If this prints the proxy value, you’re good to go. If you get a blank line, something is wrong. You should be able to download a test file using wget:
Now you have set up the environment variables for your user, but there is one more thing that you have to do so that you can use the proxy while using sudo — for example, if you need to install things from the internet through the proxy (Warning: installing everything through the proxy can eat through your quota fast — read the section about apt below for more information).
By default, when you use sudo none of your environment variables are preserved. You need to edit your sudoers file to make an exception for the proxy variables. You should never edit the sudoers file except by using the visudo command, which makes the process more secure:
You should see a line in your file which says:
Just above this line, add the following line:
Defaults env_keep = "http_proxy ftp_proxy https_proxy no_proxy"
Save the file. You should now be able to download a test file using wget through sudo:
sudo wget www.google.com
Please note that the campus proxies silently fail when attempting HTTPS over any port other than 443. For now, you can remove the HTTPS proxy settings and use HTTPS without going through the proxies.
You can configure Konqueror and Firefox to work with Campusnet directly by manually setting the Autoconfiguration file to http://www.uct.ac.za/cache.pac. This means that you have to change your proxy settings whenever you arrive on campus. This is a massive bind to do, but with the help of a Firefox add-on, you can make it slightly less painful.
Windows users are required to make a configuration change in Firefox, for NTLM authentication to work correctly. Linux users needn’t do this.
The only non-browser program known to work with NTLM Authentication is curl, which can be used as a wget substitute.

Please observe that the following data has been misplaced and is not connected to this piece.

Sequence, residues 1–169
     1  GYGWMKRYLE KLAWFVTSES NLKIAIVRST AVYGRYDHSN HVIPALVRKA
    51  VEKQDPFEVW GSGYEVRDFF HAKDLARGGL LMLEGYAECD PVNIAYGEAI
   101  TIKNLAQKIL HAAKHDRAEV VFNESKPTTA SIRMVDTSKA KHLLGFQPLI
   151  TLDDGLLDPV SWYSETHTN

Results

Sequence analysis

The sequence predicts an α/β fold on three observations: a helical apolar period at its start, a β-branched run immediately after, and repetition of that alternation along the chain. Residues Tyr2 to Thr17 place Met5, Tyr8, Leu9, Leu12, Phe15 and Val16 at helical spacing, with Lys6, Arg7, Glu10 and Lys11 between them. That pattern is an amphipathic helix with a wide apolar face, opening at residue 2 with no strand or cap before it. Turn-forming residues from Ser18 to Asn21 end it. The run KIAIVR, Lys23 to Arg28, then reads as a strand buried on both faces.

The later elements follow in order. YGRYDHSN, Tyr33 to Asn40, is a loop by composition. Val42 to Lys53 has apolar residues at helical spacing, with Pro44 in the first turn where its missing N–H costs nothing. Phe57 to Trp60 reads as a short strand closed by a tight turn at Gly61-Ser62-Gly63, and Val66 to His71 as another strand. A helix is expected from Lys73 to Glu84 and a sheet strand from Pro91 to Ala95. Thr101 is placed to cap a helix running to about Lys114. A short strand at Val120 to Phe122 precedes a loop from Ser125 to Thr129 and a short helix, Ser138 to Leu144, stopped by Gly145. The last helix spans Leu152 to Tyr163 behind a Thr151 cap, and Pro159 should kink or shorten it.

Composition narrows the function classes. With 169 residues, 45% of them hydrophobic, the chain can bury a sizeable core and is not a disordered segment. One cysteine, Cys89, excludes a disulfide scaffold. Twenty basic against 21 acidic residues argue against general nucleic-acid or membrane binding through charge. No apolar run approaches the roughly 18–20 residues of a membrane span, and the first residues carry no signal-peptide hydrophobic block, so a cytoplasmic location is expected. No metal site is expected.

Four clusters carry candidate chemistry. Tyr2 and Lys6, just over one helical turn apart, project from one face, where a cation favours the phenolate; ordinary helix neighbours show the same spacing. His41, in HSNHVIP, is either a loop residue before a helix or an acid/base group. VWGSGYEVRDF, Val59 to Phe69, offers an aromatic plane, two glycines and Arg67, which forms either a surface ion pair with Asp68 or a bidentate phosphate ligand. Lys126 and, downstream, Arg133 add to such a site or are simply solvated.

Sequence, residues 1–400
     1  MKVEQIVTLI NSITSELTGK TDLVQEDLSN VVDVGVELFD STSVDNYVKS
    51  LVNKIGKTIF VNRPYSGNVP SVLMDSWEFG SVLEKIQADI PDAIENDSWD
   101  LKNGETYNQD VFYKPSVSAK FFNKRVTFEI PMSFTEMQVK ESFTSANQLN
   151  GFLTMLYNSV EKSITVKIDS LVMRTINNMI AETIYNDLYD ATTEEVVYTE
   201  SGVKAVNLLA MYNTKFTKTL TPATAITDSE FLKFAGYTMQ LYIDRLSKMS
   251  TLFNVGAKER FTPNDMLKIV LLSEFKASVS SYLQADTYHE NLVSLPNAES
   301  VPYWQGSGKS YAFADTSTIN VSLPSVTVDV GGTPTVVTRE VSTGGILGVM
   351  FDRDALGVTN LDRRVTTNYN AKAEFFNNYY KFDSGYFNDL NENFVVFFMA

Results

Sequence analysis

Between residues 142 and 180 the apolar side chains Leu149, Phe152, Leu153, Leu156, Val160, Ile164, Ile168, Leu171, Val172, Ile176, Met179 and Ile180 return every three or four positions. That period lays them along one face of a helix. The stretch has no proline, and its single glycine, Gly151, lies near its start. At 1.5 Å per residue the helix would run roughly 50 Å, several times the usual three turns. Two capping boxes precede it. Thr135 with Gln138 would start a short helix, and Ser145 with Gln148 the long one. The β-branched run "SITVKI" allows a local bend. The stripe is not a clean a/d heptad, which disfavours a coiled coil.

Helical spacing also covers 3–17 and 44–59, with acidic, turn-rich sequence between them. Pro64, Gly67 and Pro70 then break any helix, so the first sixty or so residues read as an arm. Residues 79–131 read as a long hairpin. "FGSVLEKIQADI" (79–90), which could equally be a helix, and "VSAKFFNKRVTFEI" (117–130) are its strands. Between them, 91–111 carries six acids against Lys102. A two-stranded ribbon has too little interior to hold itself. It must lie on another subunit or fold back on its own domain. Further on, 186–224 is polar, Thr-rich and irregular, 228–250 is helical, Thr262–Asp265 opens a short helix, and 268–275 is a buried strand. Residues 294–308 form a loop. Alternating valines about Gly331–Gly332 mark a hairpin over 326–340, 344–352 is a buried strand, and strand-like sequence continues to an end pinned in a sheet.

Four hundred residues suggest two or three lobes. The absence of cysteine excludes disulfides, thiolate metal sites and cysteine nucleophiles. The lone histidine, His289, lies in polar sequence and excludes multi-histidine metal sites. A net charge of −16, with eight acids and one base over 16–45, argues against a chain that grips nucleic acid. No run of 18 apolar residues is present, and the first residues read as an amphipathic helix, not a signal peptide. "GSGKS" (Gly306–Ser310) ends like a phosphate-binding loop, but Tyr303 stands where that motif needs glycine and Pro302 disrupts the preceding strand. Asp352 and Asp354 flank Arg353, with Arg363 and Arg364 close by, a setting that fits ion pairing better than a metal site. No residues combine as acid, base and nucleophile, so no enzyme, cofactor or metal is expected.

NTLMAPS is older than cntlm (described above) is more reliable, but slower and doesn’t support newer password hash formats that UCT now uses. (It’s packaged under that name for Debian/Ubuntu/most other distros).
LEG provides mirrors for a lot of Linux distributions. This means that you can install most packages (except those from non-standard repositories which are not mirrored, e.g. Ubuntu PPAs) from the UCT intranet, without using a proxy. If you find yourself needing to forward apt through campusnet to access the LEG mirrors, then something is wrong — contact the LEG admins or ICTS.
Warning: if you have a quota, you don’t want apt (or whatever package manager you use) to go through campusnet, as it’ll rack up quota usage very quickly. Make sure that you aren’t using ntlmaps/cntlm when you download packages.
If you don’t have a quota, you may find it useful to configure apt to go through the proxy so that you can use unmirrored repositories like PPAs. If you use apt on the command line you will need to set up the environment variables as described above. Whether you use a command-line tool or a GUI tool like Synaptic, you will also need to edit the /etc/apt/apt.conf file and add these lines (replace 3128 with whatever port your proxy listens on):
Acquire::http::proxy "http://localhost:3128/"; Acquire::ftp::proxy "http://localhost:3128/"; Acquire::https::proxy "https://localhost:3128/";
If you have a quota but you want to use PPAs, you can try using the no_proxy environment variable or the NoProxy setting in cntlm.conf to exclude the LEG mirrors. Make sure that your package manager is set up to use these mirrors!
The “transparent” proxy will pick up all outgoing port 80 traffic, and proxy it. Thus you shouldn’t need to configure any applications, they should just work as soon as you start the proxy.
We’ll use tinyproxy as our transparent proxy, and it’ll pass the requests to ntlmaps/cntlm. On Ubuntu tinyproxy is compiled with transparent support by default, but not so on debian. Debianites might have to recompile it…
# aptitude install tinyproxy
We use an
/etc/default/tinyproxy script to insert the necessary iptables rules to intercept the traffic. Note that we only intercept off-campus traffic:
case "$1" in start) iptables -t nat -A OUTPUT -d 22.214.171.124/16 -j RETURN iptables -t nat -A OUTPUT -d 126.96.36.199/18 -j RETURN iptables -t nat -A OUTPUT -p tcp --dport 80 -j REDIRECT --to 8888 ;; stop) iptables -t nat -F OUTPUT ;; restart) start-stop-daemon --stop --quiet -t --exec $DAEMON > /dev/null || exit 0 iptables -t nat -F OUTPUT iptables -t nat -A OUTPUT -d 188.8.131.52/16 -j RETURN iptables -t nat -A OUTPUT -d 184.108.40.206/18 -j RETURN iptables -t nat -A OUTPUT -p tcp --dport 80 -j REDIRECT --to 8888 ;; esac
We make sure that it doesn’t start by default (unless this is a UCT-bound PC):
# update-rc.d -f tinyproxy remove # update-rc.d tinyproxy stop 20 0 1 2 3 4 5 6 .
Configure it, here are the important settings for
Port 8888 Listen 127.0.0.1 Upstream localhost:8080 ViaProxyName "tinyproxy"
And finally, start it (the
--force is necessary because we disabled it from automatically starting):
# invoke-rc.d tinyproxy stop # invoke-rc.d --force tinyproxy start